The Beginner’s Guide to Google’s Knowledge Graph

Written by Neil Patel on June 30, 2015

knowledge

Google is building the largest warehouse of knowledge in human history – and it’s doing it with your help.

Authoritative sites, such as Wikipedia, CIA World Factbook and Freebase are all sources used by Google to gather data about people, events, animals, events, history and other topics.

Google algorithm updates – including Panda, Penguin, Pigeon and Hummingbird – aren’t designed to destroy your site rankings, but to help realize Google’s goal: to build a knowledge database that people can access easily, through the search engine, wherever they may be.

Most people know that Google is an advertising company, specializing in AdWords PPC. But, Google is much more than that.

The search engine is primarily designed to collate data about everything possible and to make it available quickly and easily, no matter what platform the searcher uses

Download this checklist to optimize your content for Google Knowledge Graph.

This is the reason why Google is so passionate about mobile users and their searches. But, this is not a new concern for the search giant – it’s the same objective Google’s held from the very beginning.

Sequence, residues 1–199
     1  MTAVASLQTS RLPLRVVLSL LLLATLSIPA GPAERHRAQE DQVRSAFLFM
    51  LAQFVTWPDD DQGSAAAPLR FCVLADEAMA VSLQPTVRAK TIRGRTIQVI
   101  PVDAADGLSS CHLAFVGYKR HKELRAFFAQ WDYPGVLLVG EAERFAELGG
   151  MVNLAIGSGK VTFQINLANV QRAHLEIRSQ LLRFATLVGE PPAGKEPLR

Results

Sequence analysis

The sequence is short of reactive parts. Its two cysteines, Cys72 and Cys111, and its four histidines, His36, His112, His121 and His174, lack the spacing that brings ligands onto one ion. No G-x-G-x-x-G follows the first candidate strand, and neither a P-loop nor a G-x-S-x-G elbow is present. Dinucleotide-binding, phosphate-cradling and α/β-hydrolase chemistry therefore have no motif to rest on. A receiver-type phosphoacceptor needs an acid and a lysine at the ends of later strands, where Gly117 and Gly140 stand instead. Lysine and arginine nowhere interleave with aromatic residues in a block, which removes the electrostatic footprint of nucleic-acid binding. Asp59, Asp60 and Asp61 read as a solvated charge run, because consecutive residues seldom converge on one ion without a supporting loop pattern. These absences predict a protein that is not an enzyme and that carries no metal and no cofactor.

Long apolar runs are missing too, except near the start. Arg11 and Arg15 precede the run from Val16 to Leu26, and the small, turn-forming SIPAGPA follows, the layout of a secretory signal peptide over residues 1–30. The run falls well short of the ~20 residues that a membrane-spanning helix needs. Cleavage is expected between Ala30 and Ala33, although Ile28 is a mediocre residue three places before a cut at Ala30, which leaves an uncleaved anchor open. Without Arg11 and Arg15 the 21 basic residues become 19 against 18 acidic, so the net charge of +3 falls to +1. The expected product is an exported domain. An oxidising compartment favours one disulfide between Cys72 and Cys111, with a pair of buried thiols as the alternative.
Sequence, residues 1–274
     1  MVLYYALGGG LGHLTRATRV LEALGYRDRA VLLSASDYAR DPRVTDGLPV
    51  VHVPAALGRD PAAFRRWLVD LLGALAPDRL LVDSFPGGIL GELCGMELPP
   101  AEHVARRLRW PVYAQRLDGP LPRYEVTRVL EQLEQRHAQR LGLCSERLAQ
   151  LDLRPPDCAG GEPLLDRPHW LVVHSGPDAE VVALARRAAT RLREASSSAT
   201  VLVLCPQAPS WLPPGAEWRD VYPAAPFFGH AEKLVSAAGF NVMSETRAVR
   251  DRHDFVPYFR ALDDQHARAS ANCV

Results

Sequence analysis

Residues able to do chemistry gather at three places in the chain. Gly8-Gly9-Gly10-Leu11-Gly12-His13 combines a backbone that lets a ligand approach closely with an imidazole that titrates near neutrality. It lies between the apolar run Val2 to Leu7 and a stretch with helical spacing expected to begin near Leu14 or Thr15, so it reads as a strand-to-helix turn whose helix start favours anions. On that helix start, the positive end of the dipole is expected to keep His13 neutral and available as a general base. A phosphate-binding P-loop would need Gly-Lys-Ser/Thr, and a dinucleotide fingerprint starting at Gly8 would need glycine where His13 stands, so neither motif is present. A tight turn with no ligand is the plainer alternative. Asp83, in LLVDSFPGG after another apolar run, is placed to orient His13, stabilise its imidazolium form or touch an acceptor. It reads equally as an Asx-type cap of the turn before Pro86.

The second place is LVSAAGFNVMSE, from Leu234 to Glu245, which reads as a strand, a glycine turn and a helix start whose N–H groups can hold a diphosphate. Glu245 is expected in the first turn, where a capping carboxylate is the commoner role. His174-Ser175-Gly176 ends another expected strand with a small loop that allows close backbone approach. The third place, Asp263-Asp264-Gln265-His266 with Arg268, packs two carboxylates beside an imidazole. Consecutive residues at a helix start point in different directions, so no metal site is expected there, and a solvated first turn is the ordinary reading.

Help Google Build a Knowledge Database

As a content marketer and blogger, you have a responsibility to make the web as useful as possible. How? By figuring out exactly what your topic is, who your target audience is and how to connect their searches with the right information.

As long as you can do that consistently, Google will send you more traffic. When your site gets more search users, Google will be better able to extract powerful and accurate data about the users.

Trust me on this: Google actually needs your web page to rank highly, maybe even more than you need to improve your search performance.

That’s what helps Google continue to be the most formidable search engine in the world.

Getting Started with Google Knowledge Graph

Google’s goal is to give users the right search results, within the shortest possible time. It’s part of the Google mission statement:

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Every Google algorithm update is built to help Google achieve its mission statement.

So, then, what exactly is the Knowledge Graph? It’s Google’s systematic way of putting facts, people and places together, to create interconnected search results that are more accurate and relevant.

More specifically, the “knowledge graph” is a database that collects millions of pieces of data about keywords people frequently search for and the intent behind those keywords, based on the already available content. With the knowledge graph, users can get information about people, facts and places that are interconnected in one way or the other.

To make your learning easier, just go to Google and search for “what is the knowledge graph?” The answer is displayed right there – and that’s also what the Knowledge Graph does.